Re: MD Philosophy and Theology

From: Scott R (
Date: Sun Apr 06 2003 - 00:49:18 BST

  • Next message: David Buchanan: "RE: MD Mysticism and the appearance/reality distinction"


    DMB to SAM:
    > Myths are not facts. Doesn't that mean so much more now? I mean, don't the
    > quotes help? Symbols function and operate upon us properly when the
    > intellect is NOT engaged, it hits us at a different level, the social
    > This is not a put-down. Its a designation. Claiming that such things are
    > intellectual does not flatter or elevate, it only causes confusion and
    > misunderstanding about the things.

    The status (intellectual or social) of myths and symbols is not the issue
    here (I too see them as having social origin and utility). The question is
    whether or not *theology* is an intellectual activity. Theologians *comment
    on* and *interpret* the myths and symbols of their religion, not just repeat

     This is about different states of
    > consciousness, among other things. Its about the different levels within
    > each of us. I think they each have their own way, their own kind of truth.
    > think they are at odds, but that this is a temporary situation,
    > speaking. Many thinkers besides Pirsig are working on the problem. Making
    > the distinction between the social and intellectual levels is supposed to
    > add clarity. He too, is trying to rescue myth from the realm of the

    Theologians are also working on the problem, for example (quoting from "The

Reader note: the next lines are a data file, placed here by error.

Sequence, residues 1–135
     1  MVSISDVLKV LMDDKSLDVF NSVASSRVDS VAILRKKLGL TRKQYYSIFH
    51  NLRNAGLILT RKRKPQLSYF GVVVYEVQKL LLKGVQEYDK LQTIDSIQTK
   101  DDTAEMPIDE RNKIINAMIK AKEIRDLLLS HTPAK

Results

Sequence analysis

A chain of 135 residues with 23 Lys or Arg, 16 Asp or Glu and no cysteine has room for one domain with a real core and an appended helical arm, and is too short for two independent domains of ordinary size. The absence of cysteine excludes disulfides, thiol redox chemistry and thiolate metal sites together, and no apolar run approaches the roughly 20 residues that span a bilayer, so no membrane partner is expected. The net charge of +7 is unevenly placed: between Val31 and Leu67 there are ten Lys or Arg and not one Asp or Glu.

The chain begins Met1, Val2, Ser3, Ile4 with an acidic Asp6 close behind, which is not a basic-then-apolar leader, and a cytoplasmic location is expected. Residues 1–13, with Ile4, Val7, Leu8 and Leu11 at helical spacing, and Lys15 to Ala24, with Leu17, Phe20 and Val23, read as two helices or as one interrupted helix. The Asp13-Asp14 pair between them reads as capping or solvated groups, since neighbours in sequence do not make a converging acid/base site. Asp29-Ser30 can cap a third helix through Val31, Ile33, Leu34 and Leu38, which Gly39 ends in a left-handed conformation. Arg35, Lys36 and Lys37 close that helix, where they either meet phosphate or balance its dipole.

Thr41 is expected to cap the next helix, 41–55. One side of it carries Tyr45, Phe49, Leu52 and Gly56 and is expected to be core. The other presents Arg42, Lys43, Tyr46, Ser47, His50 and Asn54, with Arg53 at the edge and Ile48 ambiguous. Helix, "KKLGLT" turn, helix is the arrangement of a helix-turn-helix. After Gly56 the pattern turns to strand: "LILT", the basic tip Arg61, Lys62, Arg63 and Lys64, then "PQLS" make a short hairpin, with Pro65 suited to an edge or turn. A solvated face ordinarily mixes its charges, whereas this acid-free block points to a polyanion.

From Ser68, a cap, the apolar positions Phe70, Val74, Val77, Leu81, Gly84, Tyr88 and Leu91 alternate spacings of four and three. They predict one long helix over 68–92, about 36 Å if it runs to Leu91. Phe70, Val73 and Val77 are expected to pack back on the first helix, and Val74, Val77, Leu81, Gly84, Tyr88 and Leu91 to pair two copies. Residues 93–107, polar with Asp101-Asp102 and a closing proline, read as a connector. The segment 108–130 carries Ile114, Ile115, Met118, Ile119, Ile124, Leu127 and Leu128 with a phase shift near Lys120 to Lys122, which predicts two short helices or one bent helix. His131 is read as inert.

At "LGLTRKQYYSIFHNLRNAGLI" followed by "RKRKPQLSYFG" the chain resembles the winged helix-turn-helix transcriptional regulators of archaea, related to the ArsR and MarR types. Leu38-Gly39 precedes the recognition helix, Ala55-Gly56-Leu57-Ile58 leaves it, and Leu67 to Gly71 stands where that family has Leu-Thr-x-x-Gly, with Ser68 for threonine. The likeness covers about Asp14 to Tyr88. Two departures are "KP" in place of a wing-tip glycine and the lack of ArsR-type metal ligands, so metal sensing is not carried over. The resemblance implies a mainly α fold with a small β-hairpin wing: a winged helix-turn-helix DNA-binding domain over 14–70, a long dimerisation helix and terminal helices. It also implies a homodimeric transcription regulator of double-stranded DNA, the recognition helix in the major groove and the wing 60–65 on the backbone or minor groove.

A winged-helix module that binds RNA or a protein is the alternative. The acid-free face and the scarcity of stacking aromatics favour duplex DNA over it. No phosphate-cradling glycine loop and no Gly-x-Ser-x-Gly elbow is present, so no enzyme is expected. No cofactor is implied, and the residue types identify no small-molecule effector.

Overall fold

Craft of Theology" by Avery Dulles):

    "The biblical message, according to Bultmann, is encased in ancient
    mythological structures of thought and language that make it difficult for
    contemporary readers, whose world view is shaped by science and technology,
    to grasp the real meaning. Bultmann therefore institutes a program of
    demythologizing the New Testament. He tried to strip away the mythological
    structures in order to retreive the existential meaning that lies hidden
    beneath them."
    "Conservative Protestants, who based their faith on the authority of the
    Bible, regarded Bultmann as a dangerous heretic. Catholics, who believed the
    Bible always had to be interpreted in light of philosophical and scientific
    knowledge, saw some merits in the Bultmannian program. But they objected
    that its purely existential exegesis was too narrow. The Bible, they
    insisted, had a lot to tell about God and not only about human

    (Note that word "always" in the third to last sentence. As Sam said: "What
    is claimed by Christians is that it is compatible with reason, that there
    are no ultimate contradictions in the Christian faith." He should have
    excluded those Conservative Protestants, though.)

    That is, Bultmann's project has come under criticism because he was too
    modern, that is, too SOM-ish. A contemporary theologian is more likely to
    treat Christian myths more or less as Campbell does. In sum, the Bible is
    seen as telling a lot about God (and people) mythically, while theologians
    attempt to translate that telling into something the intellect can handle.

    - Scott

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